Piston Slap: Spare Me Your AWD Drama
TTAC Reader DeSoto writes:
Greetings, Sajeev — longtime reader, first time writer, and I enjoy the content your column adds to TTAC! (Woot! — SM)
I recently acquired an all-wheel drive 2014 Cadillac CTS with about 15,000 miles on its factory 255/35 R19 Pirelli P7 run-flat tires. Looking ahead to an upcoming 3,500 mile driving trip, I have concern for the durability/drivability of the run-flats. The CTS is not equipped with any wheel-changing tools (jack, wrench, spare tire/wheel). A spare tire assembly (for the CT6) is available online, but I believe the standard compact spare is too small in diameter to be compatible with the 19-inch wheels on the AWD drivetrain. I prefer the freedom of having the option of changing a tire myself and continuing on my way, rather than waiting hours for assistance. I am thus considering, in order of my current preference:
1) Purchasing (along with four replacement non-run-flats) an additional wheel and tire to carry as a spare (using valuable trunk space, I know, but it’s okay). With the AWD concerns regarding uneven tire diameters causing drivetrain damage, will a five tire rotation scheme every 5,000 miles be appropriate to prevent drivetrain damage caused by unequal tire diameters? Is there a “best” jack specification available for purchase? I have found diagrams indicating the lifting points for use with a lifting rack, and these appear to be accessible for use with a single point jack.
2) Replacing the four run-flats with non-run-flats, and carrying a can of fix-a-flat. Does the use of fix-a-flat require plugging a puncture at the time of use? Will fix-a-flat harm the TPMS sensor?
3) Quit worrying so much, getting with the 21st century already and purchasing replacement run-flats. Even if the Pirellis are lousy tires, are there high performing run-flats (vs. non-run-flats) out there, in terms of handling, comfort, and durability (pothole induced blowouts, rapid treadwear)?
Would you believe there’s a website for buying spare tires, including the jack? That’s a cottage industry I encourage in this age of rubber-band sidewalls, crumbling concrete infrastructure and run flat tires that still leave you stranded if your TPMS is on the fritz. (Which happens!)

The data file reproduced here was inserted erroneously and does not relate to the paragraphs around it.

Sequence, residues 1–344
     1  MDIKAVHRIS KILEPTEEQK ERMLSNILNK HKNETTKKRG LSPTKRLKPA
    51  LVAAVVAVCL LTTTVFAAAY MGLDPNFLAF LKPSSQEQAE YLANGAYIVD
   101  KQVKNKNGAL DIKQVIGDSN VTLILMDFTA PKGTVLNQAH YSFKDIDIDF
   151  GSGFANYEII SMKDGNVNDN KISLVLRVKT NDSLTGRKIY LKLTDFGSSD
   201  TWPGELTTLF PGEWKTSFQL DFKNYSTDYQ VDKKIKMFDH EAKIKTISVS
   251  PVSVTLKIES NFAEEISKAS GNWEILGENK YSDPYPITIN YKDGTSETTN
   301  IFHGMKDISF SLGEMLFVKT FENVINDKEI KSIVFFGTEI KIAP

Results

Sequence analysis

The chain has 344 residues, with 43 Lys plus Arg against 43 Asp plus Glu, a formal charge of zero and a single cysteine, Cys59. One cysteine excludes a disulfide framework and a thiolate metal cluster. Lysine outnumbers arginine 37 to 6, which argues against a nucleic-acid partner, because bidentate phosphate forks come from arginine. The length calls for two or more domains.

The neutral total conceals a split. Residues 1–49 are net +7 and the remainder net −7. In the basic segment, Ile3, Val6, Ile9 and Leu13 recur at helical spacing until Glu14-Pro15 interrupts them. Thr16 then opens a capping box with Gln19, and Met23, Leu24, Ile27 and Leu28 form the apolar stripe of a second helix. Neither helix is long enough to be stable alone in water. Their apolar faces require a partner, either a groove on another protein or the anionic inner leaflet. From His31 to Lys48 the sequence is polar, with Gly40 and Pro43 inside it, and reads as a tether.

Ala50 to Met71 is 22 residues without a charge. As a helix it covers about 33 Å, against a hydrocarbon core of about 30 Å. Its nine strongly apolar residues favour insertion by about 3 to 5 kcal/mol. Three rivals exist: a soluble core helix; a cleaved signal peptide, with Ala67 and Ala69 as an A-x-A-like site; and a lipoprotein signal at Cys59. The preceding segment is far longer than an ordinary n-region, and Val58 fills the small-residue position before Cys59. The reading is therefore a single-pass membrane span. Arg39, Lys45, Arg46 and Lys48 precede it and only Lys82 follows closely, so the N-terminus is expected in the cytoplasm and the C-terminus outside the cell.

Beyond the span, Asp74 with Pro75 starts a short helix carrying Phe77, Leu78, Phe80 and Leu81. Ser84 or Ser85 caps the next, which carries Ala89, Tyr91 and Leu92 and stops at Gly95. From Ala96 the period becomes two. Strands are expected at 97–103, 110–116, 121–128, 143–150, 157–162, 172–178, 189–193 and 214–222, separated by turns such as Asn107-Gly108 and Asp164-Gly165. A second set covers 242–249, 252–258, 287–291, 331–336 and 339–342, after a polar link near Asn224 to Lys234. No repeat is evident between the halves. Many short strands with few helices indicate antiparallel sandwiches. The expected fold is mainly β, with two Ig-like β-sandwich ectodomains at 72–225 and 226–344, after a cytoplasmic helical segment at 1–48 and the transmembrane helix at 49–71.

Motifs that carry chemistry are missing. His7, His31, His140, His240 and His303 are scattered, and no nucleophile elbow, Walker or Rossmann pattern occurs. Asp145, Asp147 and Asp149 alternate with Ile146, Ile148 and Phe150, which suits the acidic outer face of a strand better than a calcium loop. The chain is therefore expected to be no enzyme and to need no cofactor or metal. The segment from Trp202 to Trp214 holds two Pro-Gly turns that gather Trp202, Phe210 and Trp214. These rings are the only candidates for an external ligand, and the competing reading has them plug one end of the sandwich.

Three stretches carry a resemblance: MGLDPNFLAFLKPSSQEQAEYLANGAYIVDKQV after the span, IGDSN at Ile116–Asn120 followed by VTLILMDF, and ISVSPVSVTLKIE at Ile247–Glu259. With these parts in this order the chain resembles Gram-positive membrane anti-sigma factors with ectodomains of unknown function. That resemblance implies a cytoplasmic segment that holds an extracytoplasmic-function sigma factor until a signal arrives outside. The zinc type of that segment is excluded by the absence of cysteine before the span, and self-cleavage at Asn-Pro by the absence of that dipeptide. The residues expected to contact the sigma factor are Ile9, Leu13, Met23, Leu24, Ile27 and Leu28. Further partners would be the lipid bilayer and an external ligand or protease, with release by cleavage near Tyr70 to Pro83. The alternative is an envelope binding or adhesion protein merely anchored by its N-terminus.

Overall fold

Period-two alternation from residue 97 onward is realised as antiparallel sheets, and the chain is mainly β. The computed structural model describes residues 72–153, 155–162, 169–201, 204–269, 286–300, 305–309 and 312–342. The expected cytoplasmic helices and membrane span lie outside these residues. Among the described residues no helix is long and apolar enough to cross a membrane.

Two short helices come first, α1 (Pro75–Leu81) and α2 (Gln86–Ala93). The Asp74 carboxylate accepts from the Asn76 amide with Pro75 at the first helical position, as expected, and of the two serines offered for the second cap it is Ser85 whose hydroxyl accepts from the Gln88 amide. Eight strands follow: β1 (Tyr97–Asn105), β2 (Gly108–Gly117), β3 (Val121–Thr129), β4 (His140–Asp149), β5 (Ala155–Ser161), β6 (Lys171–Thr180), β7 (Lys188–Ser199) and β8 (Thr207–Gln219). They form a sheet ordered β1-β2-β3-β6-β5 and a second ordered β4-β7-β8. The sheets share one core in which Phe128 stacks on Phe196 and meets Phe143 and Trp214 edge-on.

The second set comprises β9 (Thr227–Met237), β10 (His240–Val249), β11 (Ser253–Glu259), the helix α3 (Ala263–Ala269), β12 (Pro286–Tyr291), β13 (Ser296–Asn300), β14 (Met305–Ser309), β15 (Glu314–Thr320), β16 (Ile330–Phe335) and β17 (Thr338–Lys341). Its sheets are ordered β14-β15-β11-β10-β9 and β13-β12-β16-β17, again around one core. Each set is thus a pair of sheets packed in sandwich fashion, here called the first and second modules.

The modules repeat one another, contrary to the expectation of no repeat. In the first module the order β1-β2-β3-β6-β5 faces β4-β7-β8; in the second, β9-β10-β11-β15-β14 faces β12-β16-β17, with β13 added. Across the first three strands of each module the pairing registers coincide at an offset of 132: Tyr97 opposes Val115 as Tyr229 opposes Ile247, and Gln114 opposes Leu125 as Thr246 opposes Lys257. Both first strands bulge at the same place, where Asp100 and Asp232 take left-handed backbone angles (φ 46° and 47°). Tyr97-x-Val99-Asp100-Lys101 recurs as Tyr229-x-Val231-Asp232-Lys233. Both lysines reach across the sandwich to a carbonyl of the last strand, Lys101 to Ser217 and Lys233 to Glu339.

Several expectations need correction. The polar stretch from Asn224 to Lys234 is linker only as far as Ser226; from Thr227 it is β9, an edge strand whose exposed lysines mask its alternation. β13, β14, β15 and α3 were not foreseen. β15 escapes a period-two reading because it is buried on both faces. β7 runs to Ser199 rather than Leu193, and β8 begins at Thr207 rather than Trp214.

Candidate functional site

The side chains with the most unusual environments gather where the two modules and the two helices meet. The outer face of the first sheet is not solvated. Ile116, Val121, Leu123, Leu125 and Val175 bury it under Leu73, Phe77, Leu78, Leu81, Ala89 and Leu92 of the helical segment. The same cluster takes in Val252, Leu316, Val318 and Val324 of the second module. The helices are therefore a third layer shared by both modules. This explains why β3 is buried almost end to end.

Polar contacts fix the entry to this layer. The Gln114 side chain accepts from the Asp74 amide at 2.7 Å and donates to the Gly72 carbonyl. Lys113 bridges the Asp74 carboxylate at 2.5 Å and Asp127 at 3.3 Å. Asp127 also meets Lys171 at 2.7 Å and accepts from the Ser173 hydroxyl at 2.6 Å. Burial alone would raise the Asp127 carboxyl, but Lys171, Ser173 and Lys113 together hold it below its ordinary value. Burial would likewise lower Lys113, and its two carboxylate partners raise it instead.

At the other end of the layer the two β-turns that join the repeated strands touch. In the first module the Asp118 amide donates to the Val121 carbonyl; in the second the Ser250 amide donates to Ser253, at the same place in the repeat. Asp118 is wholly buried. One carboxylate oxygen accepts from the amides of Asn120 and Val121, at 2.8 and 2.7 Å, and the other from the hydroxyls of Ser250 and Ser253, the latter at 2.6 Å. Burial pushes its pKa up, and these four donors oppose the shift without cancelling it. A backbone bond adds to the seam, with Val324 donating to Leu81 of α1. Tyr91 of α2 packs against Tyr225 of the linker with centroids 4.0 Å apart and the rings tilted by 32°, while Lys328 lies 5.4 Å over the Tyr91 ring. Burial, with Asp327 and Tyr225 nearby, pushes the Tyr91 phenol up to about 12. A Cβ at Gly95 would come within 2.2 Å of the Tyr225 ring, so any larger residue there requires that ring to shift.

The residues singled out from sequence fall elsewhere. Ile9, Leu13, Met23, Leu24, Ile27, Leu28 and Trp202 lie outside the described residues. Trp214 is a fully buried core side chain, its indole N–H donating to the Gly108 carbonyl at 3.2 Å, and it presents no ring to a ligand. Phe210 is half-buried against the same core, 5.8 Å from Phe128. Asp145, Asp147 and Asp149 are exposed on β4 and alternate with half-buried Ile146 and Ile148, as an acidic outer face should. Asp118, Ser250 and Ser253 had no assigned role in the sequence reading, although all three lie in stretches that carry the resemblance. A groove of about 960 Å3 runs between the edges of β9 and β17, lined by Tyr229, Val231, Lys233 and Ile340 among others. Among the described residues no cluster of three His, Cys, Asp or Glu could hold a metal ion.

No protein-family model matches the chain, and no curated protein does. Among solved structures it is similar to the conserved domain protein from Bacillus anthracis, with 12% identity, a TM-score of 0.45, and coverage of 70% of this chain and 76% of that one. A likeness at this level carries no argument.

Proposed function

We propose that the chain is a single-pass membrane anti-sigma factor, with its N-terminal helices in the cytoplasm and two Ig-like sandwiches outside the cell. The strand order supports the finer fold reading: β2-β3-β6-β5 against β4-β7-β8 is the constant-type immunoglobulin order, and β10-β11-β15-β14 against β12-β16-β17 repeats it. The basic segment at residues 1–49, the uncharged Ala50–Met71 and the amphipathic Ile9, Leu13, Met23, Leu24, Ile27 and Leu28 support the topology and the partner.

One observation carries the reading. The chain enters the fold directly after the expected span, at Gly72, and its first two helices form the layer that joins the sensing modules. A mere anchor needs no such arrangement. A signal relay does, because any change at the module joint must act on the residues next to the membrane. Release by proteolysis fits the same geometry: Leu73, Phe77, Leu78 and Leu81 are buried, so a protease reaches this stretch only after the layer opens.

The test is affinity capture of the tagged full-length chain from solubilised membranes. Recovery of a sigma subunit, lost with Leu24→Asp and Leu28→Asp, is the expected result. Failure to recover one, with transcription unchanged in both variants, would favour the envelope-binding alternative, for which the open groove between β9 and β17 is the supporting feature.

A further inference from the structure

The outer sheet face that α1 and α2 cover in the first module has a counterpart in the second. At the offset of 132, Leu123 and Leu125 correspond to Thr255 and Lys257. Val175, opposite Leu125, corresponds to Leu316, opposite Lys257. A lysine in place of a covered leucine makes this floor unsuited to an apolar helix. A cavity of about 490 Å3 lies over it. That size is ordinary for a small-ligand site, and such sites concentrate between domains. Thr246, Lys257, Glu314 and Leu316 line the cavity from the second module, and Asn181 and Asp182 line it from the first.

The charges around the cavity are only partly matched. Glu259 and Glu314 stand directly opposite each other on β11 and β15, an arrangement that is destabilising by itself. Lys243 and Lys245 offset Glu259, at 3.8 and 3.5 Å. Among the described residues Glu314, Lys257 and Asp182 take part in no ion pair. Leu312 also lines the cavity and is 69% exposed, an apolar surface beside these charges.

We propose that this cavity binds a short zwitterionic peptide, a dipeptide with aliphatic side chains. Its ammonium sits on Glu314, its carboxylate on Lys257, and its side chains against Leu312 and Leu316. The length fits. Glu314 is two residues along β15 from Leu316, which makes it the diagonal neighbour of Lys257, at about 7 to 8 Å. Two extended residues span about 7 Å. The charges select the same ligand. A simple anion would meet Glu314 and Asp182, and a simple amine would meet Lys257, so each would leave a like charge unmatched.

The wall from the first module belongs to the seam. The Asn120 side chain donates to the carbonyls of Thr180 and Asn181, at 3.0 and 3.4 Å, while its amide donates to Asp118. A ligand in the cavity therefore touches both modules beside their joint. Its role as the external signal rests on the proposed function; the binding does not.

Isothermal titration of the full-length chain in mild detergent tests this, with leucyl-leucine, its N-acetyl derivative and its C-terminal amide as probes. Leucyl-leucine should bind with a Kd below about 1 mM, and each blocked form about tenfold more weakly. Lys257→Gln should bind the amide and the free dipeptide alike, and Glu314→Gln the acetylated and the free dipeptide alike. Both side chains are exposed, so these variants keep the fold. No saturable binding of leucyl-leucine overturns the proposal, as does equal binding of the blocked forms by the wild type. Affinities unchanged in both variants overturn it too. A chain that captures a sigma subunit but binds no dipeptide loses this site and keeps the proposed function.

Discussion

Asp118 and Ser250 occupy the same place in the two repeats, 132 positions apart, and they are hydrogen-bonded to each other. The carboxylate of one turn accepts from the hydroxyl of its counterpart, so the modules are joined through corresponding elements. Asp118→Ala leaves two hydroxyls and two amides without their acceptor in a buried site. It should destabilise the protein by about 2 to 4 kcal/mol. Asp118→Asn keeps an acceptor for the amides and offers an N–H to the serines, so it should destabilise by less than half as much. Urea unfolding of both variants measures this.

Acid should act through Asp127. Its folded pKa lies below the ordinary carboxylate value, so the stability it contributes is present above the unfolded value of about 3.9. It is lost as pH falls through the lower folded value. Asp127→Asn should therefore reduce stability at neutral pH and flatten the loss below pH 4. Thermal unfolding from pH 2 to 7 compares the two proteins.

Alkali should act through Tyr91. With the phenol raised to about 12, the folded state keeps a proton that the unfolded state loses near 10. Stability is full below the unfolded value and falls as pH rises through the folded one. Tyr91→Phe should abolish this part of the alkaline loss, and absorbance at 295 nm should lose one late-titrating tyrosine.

That website lists two tires, either way too short on diameter (T125/60R-18, which is 2+inches shorter) or still short enough to say “no”” on an AWD vehicle (T155/60R-18, 7/10ths too short). Ouch. Using more Google-fu, an official GM spare exists (with jack!), but it’s still kinda short (T135/70R-18, 6/10ths too short) for your application.
Read your owner’s manual, but I reckon GM will insist on far less than a 1/2” diameter discrepancy between tires. And use this fun tool if the discrepancies are measured in circumference. So much for that, but at least we tried.
Regarding your three options:
- You covered all the bases of owning 5 tires for a single car, but I am less than thrilled with it. I live in a big city and travel interstates, those who live in more remote sections of this country shall disagree.
- This is a good alternative, especially the cans that come with built-in air compressors. Consumer Reports says they haven’t experienced TPMS fouling from fix-a-flat, but you can expect a ton of foul language from the guy cleaning it up to patch/plug the hole. So make sure you tell them that you used fix-a-flat first, and give them a decent tip for that extra labor.
- Probably my favorite option, let’s spare ourselves all the drama. If you hate run-flats, modern day wheel/tire packages that can’t handle potholes, etc., just buy a truck like everyone else does.
Off to you, Best and Brightest!
[Image: General Motors]
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For this situation, I recommend a temporary spare, as close as possible to the size of his tires. I imagine the CTS uses an open differential up front, and a LSD in the back. I would be more worried about the LSD with unequal tire sizes. If there is a flat in the back, I would put the donut on the front, and move the good front wheel onto the back. Both rear drive axles spin at the same rate now. Obviously, this is only a temporary solution to get you to a shop.
Circumference is more important than diameter. Easy way to measure this is put a dot of paint in the center of the tire tread and roll the car on a flat surface. Then measure between the two dots. Plugging tires is a method to get you home or to a tire shop, not a long term fix. Yeah, I know some plugged tires will hold air and function till they wear out. However some also fail in the worst ways. Plugging a puncture from the outside means there is no inspection possible of the inside of the tire. Often when a tire loses air and is driven, even a short distance, there is damage to the tire. Cord fabric can be pushed through the inner liner. Long ago, when I was in the auto business, there were warnings in all the publications intended for shops. Do not plug tires, they wrote, and related several horror stories of tires that later failed causing crashes. Also notify any repair people if you have used a "flat fix" pressure can in a tire. The propellant is propane or some other flammmable hydrocarbon. Fire and flame are not good ideas in repair/tire working areas, but it still happens (smoking). Some people have been burned by the flamethrower when a valve core is removed from a tire with that stuff in it.